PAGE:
So, What Does Auburn Get with Loeffler?
This purpose of this post isn’t to bash Auburn’s new offensive coordinator, Scot Loeffler. Promise. For all I know he’s a great guy and all that stuff.
Instead, I’ll use this space to point out the differences in media coverage of Loeffler.
You’re first up, Kevin Scarbinsky:
Is it a coincidence that Loeffler and Nussmeier both showed up, at different times, on the short list of the best coach in college football? Nope. Saban knows good football coaches when he sees them. He and Gene Chizik have that in common.
Chizik added the final piece of his coaching staff Sunday night when he chose Loeffler as Auburn’s new offensive coordinator. If the hire wasn’t met with the same public acclaim as the choice of Brian VanGorder as defensive coordinator, it was praised behind the scenes by more important observers.
Coaches who know coaches.
Know this about Loeffler: He may be just 37 years old, but he’s worked his way onto the radar of several national championship coaches with job openings in recent years.
That list includes Chizik, Saban, Urban Meyer and Les Miles.
So, this is a good hire because Nick Saban thought about hiring him? Or because he once worked for Urban Meyer? That right there is some hard-core analysis.
On the other hand, take the few well reasoned comments of Year2 like these…
I am not a quarterback guru, so it’s difficult for me to say exactly what he did for these players. However, he was only a GA and student assistant when Brady and Griese were in Ann Arbor. He spent one season with Mallett, who then spent three seasons with Bobby Petrino and Garrick McGee. He spent one season with Tebow, one in which all of the quarterback’s bad habits got demonstrably worse (though a concussion likely had a lot to do with that). One name conspicuously missing is that of John Brantley. Loeffler spent two seasons with him with little to show for it.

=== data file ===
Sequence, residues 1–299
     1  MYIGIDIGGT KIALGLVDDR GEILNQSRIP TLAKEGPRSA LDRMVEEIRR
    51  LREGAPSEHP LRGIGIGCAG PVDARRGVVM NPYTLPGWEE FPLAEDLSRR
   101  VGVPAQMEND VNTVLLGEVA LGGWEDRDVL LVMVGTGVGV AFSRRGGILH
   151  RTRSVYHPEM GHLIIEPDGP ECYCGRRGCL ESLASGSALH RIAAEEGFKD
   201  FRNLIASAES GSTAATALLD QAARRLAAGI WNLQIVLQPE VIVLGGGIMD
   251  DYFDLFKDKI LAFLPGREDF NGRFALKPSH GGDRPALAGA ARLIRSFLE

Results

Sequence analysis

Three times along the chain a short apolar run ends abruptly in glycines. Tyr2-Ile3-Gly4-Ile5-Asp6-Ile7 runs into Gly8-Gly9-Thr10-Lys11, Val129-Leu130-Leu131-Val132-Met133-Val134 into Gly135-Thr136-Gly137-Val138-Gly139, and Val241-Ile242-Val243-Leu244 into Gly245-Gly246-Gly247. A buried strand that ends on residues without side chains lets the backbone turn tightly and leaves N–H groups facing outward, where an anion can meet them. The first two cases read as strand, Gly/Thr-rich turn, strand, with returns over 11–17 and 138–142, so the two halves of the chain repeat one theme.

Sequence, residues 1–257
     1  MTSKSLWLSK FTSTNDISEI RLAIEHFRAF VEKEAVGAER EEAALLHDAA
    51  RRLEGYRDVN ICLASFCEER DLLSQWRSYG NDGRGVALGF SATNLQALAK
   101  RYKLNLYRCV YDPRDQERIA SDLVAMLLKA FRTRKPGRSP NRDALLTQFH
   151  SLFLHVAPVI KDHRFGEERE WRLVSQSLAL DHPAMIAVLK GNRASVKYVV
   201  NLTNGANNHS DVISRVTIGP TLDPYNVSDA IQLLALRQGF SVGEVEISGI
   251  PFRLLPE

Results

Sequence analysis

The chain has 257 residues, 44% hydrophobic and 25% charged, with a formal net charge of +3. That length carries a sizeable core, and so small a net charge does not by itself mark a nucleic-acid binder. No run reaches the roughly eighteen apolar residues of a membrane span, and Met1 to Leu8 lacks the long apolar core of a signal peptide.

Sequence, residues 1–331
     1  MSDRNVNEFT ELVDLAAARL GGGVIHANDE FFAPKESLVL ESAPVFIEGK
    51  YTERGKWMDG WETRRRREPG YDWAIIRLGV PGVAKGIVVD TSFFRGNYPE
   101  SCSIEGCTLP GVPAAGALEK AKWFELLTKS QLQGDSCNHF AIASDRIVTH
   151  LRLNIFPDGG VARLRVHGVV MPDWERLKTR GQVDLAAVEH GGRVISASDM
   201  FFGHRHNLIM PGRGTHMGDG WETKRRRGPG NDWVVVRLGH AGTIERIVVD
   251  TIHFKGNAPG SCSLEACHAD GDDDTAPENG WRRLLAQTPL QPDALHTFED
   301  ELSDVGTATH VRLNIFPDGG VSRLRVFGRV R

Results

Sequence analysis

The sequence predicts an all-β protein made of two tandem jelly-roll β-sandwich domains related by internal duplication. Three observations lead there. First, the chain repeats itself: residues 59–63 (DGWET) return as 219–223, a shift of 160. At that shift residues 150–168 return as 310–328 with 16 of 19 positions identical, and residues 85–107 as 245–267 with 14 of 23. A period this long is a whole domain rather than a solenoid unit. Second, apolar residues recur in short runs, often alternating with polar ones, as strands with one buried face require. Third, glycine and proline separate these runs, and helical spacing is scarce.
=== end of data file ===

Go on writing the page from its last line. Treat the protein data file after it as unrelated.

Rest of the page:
Loeffler’s background largely came from the traditional stylings of the Lloyd Carr regime at Michigan, though he has spent the past three years learning spread option from Meyer and Addazio. In theory, that experience would give him the ability to mix and match the best of both worlds to maximize the potential of his roster in any given year.
However, he’s quite young a 37. His only year as an offensive coordinator came in a situation where he didn’t have the kind of autonomy that Gene Chizik is likely to give him. He won’t be doing a hurry up offense, as his “protect the defense” comments probably indicate. Beyond that, he was evasive about what precisely he’ll run.
The best case scenario is that Auburn got in on the ground floor of a true “rising star” (Chizik’s words) in the coaching profession. The worst case is that it got a less sanctimonious version of Charlie Weis: a guy who cannot focus an offense and tries to do too much. It’s a calculated risk, but Auburn certainly could have done a lot worse than hiring a quarterback guru after the issues the team had at that position in 2011.
As Scarbinsky points out, apparently Loeffler has worked his way onto the radar of such folks as Saban, Miles, Meyer and, now, Chizik. But you can also view that another way: neither Saban or Miles hired him and he’s not on Meyer’s new staff at Ohio State.